Technology and organic nature are seemingly locked in a battle to the death, and it is not yet clear which will come out on top. At the moment, technology has the upper hand, and many environmentalists foresee the ultimate demise of nature. But nature may have a winning trick up its sleeve yet, a deadly virus, say, that puts the kibosh on humankind. Or humans could self-destruct in a nuclear holocaust.
Any sustainable future will have to be a synthesis of natural and artificial. Technology and organic nature must converge. The very distinction between natural and artificial will be erased. This may not be the future you want or I want, but it is the only viable option.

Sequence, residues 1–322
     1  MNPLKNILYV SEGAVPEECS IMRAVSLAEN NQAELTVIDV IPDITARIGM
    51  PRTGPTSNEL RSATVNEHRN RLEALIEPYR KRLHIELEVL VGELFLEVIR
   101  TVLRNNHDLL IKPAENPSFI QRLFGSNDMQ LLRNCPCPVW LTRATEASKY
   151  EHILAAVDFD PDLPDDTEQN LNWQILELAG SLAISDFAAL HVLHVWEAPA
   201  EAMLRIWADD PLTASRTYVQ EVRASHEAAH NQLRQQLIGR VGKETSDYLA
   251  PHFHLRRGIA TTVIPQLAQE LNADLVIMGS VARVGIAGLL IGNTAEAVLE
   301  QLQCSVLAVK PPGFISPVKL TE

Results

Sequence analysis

To this end, technology must become green, and wild nature must yield to design.
Try to imagine, if you can, a technology based not upon resource consumption but upon information. Try to imagine a technology based on organic principles of natural selection, feedback, distributed processing, and recycling of resources. Try to imagine nature not as a wilderness, but as an artifact of human artistic design.
What would the fusion look like?
On several occasions I have taken note here of the British artist Andy Goldsworthy, who approaches a natural-artificial fusion from the side of nature. Less well known is Tara Donovan, who approaches nature from the artificial.
To create a sustainable future -- for humans and non-human nature alike -- we must be able to imagine it. Artists like Goldsworthy and Donovan can be our teachers.
Untitled, 2003. Ace Gallery Los Angeles. Styrofoam cups, hot glue.
(See also Robert Frenay's Pulse: The Coming Age of Systems and Machines Inspired by Living Things.)